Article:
‘Black Lives Matter’ explores Marikana residents’ fight against a mining company, a chief and a municipality

“Democracy is for the capitalists and their children’s children,” says activist Moekheti Khoda near the end of the documentary Black Lives Matter. 

Khoda, from Mapela in Limpopo, speaks truth to power throughout the 108-minute documentary, which was made by veteran journalist and filmmaker Joseph Oesi in the wake of the Marikana massacre.

Khoda is involved in fighting what she sees as an unholy nexus between the government, her chief and the mining company, Anglo Platinum.

She argues in the film that the chief had no authority to conduct a deal for mining to take place without consulting his people.

Khoda says people received no compensation and that when they protest against the deal, the police “brutalise” them.

“The chief is a leader; he doesn’t own the land, the land is ours,” she says. “Government gives too much power to the chief. Government and mining companies make deals with the chief alone. The municipality, the chief, the mining company, they are one thing,” she says. 

“When you fight the municipality you die; when you fight the mine you die; when you fight the chief you die.”

Khoda’s story is replicated numerous times in Black Lives Matter as Oesi zooms in on the people of Mogale, Kekana and Mapela, who live on the world’s largest platinum belt.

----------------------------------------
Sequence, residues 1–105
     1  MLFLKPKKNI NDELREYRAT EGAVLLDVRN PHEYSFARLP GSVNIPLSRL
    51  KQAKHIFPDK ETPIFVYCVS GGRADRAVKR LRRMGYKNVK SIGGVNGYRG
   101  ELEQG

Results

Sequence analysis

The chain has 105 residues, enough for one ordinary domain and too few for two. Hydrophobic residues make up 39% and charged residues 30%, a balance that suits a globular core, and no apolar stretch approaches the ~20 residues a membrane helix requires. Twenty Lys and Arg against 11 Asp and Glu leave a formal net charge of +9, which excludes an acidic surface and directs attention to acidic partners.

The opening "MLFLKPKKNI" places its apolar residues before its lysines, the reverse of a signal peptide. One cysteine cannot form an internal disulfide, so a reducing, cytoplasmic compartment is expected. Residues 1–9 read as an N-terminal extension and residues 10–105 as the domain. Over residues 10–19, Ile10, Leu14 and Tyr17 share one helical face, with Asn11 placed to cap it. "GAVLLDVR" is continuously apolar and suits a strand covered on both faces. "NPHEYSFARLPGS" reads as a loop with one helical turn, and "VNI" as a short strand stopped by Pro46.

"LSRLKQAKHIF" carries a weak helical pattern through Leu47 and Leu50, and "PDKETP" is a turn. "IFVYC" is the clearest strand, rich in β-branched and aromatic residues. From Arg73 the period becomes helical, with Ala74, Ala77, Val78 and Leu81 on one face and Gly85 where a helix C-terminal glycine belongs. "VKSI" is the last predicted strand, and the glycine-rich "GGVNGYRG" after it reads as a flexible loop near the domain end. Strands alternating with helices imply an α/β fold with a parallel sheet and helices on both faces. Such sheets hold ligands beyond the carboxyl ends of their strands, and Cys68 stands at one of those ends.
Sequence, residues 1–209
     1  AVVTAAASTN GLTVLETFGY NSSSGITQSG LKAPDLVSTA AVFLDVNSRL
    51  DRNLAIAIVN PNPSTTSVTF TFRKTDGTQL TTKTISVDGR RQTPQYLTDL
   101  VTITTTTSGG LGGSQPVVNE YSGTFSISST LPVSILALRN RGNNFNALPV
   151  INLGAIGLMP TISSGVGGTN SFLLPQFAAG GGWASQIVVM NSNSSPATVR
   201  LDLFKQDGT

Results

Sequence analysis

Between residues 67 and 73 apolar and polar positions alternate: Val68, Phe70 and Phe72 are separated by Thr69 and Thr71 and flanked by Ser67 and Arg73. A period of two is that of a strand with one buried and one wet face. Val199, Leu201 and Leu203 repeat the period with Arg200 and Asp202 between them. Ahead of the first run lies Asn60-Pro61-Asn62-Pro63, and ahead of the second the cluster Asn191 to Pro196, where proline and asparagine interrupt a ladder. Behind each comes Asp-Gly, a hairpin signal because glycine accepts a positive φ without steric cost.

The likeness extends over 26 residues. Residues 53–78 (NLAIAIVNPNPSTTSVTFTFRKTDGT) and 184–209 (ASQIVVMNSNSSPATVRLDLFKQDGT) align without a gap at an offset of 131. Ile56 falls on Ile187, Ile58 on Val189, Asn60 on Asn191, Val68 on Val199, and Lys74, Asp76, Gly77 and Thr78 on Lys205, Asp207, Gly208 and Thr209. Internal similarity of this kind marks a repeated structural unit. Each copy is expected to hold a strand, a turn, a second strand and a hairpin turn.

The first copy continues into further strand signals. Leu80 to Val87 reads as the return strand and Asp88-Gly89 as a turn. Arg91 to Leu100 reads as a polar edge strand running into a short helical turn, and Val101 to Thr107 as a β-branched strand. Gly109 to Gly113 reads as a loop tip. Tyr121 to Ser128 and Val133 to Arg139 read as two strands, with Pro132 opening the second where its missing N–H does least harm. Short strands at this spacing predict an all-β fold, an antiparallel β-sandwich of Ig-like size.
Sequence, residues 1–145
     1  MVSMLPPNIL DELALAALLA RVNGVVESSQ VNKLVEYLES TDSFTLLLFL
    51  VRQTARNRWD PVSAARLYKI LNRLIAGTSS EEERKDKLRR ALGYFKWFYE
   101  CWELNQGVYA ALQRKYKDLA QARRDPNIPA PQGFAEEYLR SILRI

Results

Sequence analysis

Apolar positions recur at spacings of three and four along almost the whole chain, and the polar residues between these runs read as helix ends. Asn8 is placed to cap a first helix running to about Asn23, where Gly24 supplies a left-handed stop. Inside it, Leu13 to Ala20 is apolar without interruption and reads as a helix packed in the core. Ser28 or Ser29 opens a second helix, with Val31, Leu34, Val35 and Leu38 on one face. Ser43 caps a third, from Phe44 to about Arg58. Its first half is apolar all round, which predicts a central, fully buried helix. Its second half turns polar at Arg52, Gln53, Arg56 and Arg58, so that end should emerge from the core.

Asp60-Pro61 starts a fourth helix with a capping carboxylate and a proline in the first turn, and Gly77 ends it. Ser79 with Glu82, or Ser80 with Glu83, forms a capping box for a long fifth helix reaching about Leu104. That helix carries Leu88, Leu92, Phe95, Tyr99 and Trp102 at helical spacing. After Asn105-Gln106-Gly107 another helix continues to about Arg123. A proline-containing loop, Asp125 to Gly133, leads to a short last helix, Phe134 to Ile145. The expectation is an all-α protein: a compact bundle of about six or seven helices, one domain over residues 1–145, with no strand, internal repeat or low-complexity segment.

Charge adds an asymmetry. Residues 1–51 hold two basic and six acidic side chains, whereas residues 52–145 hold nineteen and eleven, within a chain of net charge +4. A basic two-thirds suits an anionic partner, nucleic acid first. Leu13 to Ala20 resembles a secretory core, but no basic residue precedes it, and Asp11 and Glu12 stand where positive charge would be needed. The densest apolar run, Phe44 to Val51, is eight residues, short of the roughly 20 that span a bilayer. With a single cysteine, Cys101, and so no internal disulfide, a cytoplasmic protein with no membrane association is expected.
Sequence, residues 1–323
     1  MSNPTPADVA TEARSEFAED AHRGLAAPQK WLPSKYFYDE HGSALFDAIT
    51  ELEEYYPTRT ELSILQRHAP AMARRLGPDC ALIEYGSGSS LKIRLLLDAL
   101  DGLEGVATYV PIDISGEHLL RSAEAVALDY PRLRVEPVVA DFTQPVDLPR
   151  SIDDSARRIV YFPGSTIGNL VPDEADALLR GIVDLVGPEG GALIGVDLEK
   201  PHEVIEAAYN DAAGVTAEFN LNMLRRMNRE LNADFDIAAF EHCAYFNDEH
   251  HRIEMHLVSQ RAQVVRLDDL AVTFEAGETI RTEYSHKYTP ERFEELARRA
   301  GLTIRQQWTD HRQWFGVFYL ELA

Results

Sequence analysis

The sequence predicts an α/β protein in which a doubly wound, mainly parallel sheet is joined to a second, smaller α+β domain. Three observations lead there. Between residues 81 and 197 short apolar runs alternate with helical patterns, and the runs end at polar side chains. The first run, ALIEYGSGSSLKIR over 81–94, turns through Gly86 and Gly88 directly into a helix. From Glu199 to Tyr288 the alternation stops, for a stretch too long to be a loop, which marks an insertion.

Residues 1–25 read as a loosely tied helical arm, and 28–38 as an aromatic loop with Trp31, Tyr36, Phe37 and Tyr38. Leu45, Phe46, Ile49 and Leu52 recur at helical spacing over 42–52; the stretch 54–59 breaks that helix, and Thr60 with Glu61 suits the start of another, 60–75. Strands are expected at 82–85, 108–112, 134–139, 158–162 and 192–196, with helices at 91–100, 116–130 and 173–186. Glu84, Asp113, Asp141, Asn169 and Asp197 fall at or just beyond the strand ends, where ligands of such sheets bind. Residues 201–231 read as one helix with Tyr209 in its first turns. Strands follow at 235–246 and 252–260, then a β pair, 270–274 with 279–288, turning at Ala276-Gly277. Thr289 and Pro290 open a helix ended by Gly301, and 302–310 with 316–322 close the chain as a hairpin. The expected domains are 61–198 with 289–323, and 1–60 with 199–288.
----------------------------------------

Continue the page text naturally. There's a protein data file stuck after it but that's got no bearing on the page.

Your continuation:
Oesi shows the viewer that Marikana is just one among many sites of struggle and that Lonmin is one of many foreign mining companies that are after South Africa’s platinum.

He details how shady deals are being struck between chiefs, government and mining companies and shows how people are being affected and fighting back.

When the Marikana massacre occurred, Oesi was in the United Kingdom.

“I decided to get on a plane and come home,” he says. “Nobody was asking the question: Who owns land; who gave the rights to these mining companies.”

Oesi says he has a long track record of making films on the African continent about African problems.

He worked as a video-journalist for many news agencies and has covered conflict and war in the Democratic Republic of Congo, Ivory Coast and Somalia. He says he spent months on end in Rwanda during the genocide, talking to both sides.

“When I worked in conflict zones, my mandate was to get into the communities,” says Oesi. “What makes them tick, what makes them outrageous, what makes them disgusted.”

He says this experience helped him embed himself in the Mogales, Kekanas and Mapelas.

The level of anger in these areas, because of their marginalization, is real and perhaps artist Ayanda Mabulu’s angry outcry, “Bastards”, in the film sums it up best.

“Beware the frustrated nigger,” says Mabulu. “I’m one.”

While Oesi’s film does a great job of introducing the issues at play in the three different areas, its clear that these are ongoing struggles that are playing out beyond the timeline of the documentary.

In September 2015 the protestors in Mapela took to the streets, burning a chief’s office, a tribal office and a retirement home built by the mine. Forty protestors were arrested.